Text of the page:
Supporting the integration of refugees in the healthcare and social sector

UNHCR estimates that approximately 56 million people are currently displaced. The civil wars taking place in many places of the world, alongside the environmental challenges, take a great toll on the number of people that are forced to abandon their countries and homes.

Research has shown that the increase in refugee flows inevitably affects healthcare delivery and the quality of care people receive. Risk factors associated with the migration process alone, language barriers and cultural differences are some of the main factors for that.

Communication, which is the solution and the problematic area in this situation, can affect the patient-physician relationship, the acceptance of the diagnosis and of the treatment plan, as well as the necessary support from families and communities.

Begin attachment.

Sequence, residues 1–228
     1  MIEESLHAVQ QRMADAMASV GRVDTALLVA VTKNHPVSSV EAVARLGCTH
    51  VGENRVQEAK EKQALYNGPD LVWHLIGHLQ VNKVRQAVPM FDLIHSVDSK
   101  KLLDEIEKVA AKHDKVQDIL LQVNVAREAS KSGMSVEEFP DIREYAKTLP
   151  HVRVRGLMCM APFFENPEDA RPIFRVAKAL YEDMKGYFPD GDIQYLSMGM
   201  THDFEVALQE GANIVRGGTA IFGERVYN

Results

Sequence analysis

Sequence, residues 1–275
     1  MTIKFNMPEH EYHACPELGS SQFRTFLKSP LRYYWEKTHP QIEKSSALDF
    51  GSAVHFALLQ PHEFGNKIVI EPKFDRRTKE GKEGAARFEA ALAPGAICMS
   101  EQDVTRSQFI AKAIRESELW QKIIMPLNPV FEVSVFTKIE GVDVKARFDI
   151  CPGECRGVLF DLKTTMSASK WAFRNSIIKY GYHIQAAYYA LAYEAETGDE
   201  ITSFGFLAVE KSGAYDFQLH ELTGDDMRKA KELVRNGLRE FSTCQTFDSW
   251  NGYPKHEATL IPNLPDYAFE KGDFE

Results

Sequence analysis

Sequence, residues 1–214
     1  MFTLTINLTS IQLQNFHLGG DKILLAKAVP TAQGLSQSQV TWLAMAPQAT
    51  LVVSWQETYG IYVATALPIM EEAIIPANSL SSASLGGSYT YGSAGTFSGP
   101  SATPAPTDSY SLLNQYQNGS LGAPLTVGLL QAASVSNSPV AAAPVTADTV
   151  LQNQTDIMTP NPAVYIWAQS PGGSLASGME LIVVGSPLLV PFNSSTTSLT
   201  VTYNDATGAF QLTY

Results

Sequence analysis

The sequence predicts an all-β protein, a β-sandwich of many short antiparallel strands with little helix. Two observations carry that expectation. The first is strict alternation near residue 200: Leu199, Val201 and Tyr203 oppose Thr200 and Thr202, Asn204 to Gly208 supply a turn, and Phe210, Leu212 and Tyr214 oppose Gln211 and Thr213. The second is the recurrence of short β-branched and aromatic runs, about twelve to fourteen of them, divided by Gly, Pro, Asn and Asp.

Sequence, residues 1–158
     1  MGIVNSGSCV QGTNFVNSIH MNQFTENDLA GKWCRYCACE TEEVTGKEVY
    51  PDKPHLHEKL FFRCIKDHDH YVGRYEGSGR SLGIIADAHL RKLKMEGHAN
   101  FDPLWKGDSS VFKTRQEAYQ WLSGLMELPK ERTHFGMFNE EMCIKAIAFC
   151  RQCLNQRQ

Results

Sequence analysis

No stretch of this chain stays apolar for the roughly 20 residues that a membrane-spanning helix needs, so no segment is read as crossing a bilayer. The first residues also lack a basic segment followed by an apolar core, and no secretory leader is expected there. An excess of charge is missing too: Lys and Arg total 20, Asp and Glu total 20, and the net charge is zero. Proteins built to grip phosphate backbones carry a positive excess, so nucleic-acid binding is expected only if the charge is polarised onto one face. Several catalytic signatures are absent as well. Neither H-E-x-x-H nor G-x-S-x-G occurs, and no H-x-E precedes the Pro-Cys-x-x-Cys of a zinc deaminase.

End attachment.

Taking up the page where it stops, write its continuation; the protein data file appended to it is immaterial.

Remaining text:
Various projects have been deployed in the EU throughout the years to tackle this situation, using different approaches, methodologies and focusing on different target groups. I-CARE is one great example of the work that can be done at a project-level. BASE project, which aims to empower migrant and refugee women as Cultural Advisors through the implementation of a training program, which will address gender-based violence, in order to foster communication between support service professionals and girls victims of GBV, is another example of how projects can affect and improve the relationship of refugees with the healthcare and social sector.

Either focusing on the healthcare professionals, managers and institutions such as we do in the I-CARE project, or focusing on the refugees and migrants directly, the aim is to support the right of the refugees to access quality healthcare and social care services.